Many Americans have the dream of someday being homeowners. If you’re one of them, and you think you just might be ready to make the leap to homeownership, think again: there are some things you’ll need to consider first.
Owning your own home is a wonderful thing, but only if you’re financially prepared for it. To help you with that, in this article we’ll discuss what you can expect from the home buying process, as well as how you’ll need to be prepared financially.
How to Know if Homeownership is a Good Choice for You
Even if your finances are in good order for home buying, you’ve got to think carefully about whether being a homeowner is really ideal for you. It’s not just about finances, it’s about lifestyle. As just one example, 33% of people who rent move every year. If you’re in the habit of getting restless and moving to different places often, owning a home is going to tie you down. It may be fun and exciting at first, but eventually, the novelty will likely wear off, leaving you with a big house you’re stuck paying for.
Besides that, being a homeowner will mean that many tasks that may have been handled by your landlord before are now your responsibility. Many apartments and even houses for rent have yard work and home maintenance managed by the owner, or else by a property management agency. Make sure being a homeowner is what you really, really want for yourself before making that kind of commitment.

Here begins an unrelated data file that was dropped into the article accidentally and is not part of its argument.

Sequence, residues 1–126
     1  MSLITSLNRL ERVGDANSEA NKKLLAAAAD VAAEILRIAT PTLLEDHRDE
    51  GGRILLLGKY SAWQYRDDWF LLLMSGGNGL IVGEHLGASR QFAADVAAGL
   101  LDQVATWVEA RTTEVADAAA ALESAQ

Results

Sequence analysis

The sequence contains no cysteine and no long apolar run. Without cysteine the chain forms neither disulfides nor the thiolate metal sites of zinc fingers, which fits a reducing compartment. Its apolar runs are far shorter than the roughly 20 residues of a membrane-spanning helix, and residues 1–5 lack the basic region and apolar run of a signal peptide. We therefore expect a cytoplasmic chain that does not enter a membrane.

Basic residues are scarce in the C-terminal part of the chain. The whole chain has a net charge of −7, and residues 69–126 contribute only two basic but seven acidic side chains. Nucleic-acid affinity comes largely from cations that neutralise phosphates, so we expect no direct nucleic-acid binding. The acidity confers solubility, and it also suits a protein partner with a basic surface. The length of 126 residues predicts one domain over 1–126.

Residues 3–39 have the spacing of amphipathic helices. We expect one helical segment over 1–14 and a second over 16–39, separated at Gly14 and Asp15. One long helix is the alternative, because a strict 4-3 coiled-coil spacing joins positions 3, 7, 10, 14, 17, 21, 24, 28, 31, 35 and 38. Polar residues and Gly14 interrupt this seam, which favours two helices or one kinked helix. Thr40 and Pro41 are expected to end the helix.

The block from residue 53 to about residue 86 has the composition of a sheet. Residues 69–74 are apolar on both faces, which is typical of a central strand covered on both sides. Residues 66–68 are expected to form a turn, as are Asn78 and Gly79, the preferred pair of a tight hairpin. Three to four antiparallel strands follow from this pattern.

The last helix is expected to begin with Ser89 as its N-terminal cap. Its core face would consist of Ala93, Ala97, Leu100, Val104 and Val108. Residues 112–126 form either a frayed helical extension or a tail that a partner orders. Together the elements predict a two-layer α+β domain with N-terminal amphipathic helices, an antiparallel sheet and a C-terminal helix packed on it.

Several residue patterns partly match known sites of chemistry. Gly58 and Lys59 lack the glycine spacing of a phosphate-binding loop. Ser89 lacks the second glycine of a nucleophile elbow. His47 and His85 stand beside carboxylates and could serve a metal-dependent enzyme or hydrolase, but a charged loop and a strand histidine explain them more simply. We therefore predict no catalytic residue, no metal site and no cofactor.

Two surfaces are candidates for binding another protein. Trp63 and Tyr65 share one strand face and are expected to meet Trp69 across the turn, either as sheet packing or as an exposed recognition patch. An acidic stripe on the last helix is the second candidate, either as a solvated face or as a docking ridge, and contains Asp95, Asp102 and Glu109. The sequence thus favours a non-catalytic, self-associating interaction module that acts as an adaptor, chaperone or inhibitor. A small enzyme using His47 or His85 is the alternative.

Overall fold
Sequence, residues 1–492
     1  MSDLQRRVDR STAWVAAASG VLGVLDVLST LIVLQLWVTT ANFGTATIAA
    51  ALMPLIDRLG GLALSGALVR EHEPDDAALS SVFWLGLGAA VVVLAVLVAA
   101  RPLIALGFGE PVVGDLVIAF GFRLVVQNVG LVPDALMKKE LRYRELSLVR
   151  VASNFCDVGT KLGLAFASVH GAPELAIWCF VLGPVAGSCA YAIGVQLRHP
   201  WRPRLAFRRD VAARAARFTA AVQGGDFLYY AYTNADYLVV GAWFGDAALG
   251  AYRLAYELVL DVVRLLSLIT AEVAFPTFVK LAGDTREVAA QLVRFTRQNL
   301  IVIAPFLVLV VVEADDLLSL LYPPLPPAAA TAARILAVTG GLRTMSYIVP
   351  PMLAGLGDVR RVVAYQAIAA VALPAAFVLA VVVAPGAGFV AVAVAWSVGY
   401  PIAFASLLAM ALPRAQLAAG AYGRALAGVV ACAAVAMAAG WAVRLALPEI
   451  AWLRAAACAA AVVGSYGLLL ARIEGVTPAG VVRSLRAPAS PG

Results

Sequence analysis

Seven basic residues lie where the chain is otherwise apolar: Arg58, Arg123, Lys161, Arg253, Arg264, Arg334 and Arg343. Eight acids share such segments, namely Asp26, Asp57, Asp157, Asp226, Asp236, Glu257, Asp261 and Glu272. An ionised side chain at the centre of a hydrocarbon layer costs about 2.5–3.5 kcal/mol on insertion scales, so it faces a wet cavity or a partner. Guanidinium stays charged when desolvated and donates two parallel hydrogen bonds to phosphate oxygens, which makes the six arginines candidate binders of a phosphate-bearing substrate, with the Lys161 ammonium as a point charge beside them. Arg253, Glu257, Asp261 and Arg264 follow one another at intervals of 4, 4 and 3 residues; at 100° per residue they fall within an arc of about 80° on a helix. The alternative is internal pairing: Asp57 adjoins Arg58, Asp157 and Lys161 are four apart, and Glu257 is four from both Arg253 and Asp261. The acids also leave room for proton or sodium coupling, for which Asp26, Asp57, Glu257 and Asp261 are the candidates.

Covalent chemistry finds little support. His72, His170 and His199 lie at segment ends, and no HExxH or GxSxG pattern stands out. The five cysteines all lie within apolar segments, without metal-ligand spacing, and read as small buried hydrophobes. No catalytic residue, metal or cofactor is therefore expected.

Buying a House: The Steps Involved
Buying a home might not end up being a one-and-done deal, especially if you have to sell your current house first. After all, 50% of all homes listed for sale in the DC Metro market didn’t sell the first time. Home selling, and home buying, sometimes takes a few tries to get right.
Assuming selling your current home isn’t an issue and you’ve decided you’ve got the financial foundation necessary, the process of buying a home starts with checking your credit report and score. Your credit report will be used by lenders to decide whether or not to lend you money, so if there are any errors on your report, you will need to discover what those are and have them fixed beforehand.
Your credit score will be a number between 350 and 850. The higher your credit score number, the better your credit, which means your interest rate will be lower. If your credit score isn’t in the greatest shape now, you may choose to work on your finances for a few months and see if you can get it up to a more impressive number. Disputing errors on your credit report is one way to do that. Other ways are to ensure you’re paying all your bills on time, pay down existing debts, and increase your credit limit with different types of credit. Just make sure you don’t apply for a loan or credit card within a few months of getting a bank loan since this can cause a temporary dip in your score.
After you’ve checked over your credit rating, you’ll want to decide for sure how much house you can afford. You may have determined that you can afford a new home already, but be specific as to how much money you’re able (and willing) to spend on housing.